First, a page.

I continue to believe that the most likely course of events is a deflationary economic slowdown in the US that will result in global economic stagnation. Given the US’ dependence on foreign capital it will also result in a further, major devaluation of the dollar and that, in turn, will cause the US dollar gold price to rise. It is also possible that a substantial increase in the US dollar gold price will spill over into other currencies, driving the gold price even higher. However, a worldwide slowdown in economic activity would hurt the commodity bull market.

The risk is that a decline in commodity prices and commodity stocks will then weaken the gold market, especially the exploration sector, and that is a dilemma I have been grappling with for a while. I am becoming more and more convinced that the end of the current boom in US real estate, equities and bond markets are upon us. Of course, it is not only impossible to predict when markets will turn but also how the future will unfold. So I have decided to stick with my original plan, which is to focus on mineral exploration because of the depleting nature of the mining industry and, within that, to focus on gold.


Paul van Eeden

Paul van Eeden works primarily to find investments for his own portfolio and shares his investment ideas with subscribers to his weekly investment publication. For more information please visit his website (www.paulvaneeden.com) or contact his publisher at (800) 528-0559 or (602) 252-4477.


Paul van Eeden works primarily to find investments for his own portfolio and shares his investment ideas with subscribers to his weekly investment publication. For more information please visit his website (www.paulvaneeden.com) or contact his publisher at (800) 528-0559 or (602) 252-4477.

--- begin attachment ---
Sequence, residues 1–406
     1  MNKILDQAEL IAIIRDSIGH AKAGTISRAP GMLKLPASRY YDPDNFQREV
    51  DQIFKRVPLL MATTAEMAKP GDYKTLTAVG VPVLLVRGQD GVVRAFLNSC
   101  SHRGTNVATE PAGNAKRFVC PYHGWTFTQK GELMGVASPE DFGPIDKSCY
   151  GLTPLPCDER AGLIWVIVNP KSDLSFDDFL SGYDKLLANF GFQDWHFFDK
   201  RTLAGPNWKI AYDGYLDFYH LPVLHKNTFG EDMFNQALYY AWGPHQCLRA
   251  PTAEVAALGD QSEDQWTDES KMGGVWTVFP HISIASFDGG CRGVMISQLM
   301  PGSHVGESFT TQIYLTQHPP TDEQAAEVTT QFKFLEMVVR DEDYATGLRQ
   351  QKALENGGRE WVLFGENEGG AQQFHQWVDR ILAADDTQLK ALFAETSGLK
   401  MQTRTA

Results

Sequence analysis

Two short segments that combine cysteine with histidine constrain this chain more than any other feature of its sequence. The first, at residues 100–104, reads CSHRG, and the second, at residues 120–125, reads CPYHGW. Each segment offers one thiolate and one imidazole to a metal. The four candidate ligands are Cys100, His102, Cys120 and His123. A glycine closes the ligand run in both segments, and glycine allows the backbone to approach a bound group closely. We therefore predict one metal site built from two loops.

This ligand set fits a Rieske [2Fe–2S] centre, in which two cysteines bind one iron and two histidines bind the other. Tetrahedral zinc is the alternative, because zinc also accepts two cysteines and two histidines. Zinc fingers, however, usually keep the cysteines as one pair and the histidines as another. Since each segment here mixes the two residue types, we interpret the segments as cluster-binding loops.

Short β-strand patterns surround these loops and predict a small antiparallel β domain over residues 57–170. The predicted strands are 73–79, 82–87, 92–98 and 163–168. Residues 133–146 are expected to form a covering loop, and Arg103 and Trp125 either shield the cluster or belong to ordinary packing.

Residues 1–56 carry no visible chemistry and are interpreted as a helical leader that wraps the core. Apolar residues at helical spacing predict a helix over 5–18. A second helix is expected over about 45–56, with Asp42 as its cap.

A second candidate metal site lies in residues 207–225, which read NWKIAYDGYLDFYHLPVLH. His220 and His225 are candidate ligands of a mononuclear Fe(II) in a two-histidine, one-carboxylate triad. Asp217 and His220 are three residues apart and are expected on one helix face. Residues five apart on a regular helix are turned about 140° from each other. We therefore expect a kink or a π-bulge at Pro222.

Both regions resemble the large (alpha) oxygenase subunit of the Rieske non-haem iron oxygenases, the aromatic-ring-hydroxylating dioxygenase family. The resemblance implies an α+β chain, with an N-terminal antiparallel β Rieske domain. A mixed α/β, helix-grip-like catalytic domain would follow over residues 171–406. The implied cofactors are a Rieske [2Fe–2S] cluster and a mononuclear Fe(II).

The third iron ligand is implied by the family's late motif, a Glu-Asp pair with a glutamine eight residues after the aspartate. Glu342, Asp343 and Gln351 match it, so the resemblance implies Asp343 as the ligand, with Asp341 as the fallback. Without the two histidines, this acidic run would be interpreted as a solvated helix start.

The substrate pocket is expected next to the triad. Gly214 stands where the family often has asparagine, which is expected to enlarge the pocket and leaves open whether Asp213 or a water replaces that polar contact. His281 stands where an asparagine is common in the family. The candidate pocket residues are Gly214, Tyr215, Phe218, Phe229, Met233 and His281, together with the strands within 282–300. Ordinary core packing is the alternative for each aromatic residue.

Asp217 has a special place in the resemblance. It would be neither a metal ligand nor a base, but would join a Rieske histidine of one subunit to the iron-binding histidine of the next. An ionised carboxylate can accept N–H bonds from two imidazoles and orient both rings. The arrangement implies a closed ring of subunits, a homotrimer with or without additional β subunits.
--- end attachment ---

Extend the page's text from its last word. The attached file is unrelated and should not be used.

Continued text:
Disclaimer

This letter/article is not intended to meet your specific individual investment needs and it is not tailored to your personal financial situation. Nothing contained herein constitutes, is intended, or deemed to be -- either implied or otherwise -- investment advice. This letter/article reflects the personal views and opinions of Paul van Eeden and that is all it purports to be. While the information herein is believed to be accurate and reliable it is not guaranteed or implied to be so. The information herein may not be complete or correct; it is provided in good faith but without any legal responsibility or obligation to provide future updates. Neither Paul van Eeden, nor anyone else, accepts any responsibility, or assumes any liability, whatsoever, for any direct, indirect or consequential loss arising from the use of the information in this letter/article. The information contained herein is subject to change without notice, may become outdated and will not be updated. Paul van Eeden, entities that he controls, family, friends, employees, associates, and others may have positions in securities mentioned, or discussed, in this letter/article. While every attempt is made to avoid conflicts of interest, such conflicts do arise from time to time. Whenever a conflict of interest arises, every attempt is made to resolve such conflict in the best possible interest of all parties, but you should not assume that your interest would be placed ahead of anyone else’s interest in the event of a conflict of interest. No part of this letter/article may be reproduced, copied, emailed, faxed, or distributed (in any form) without the express written permission of Paul van Eeden. Everything contained herein is subject to international copyright protection.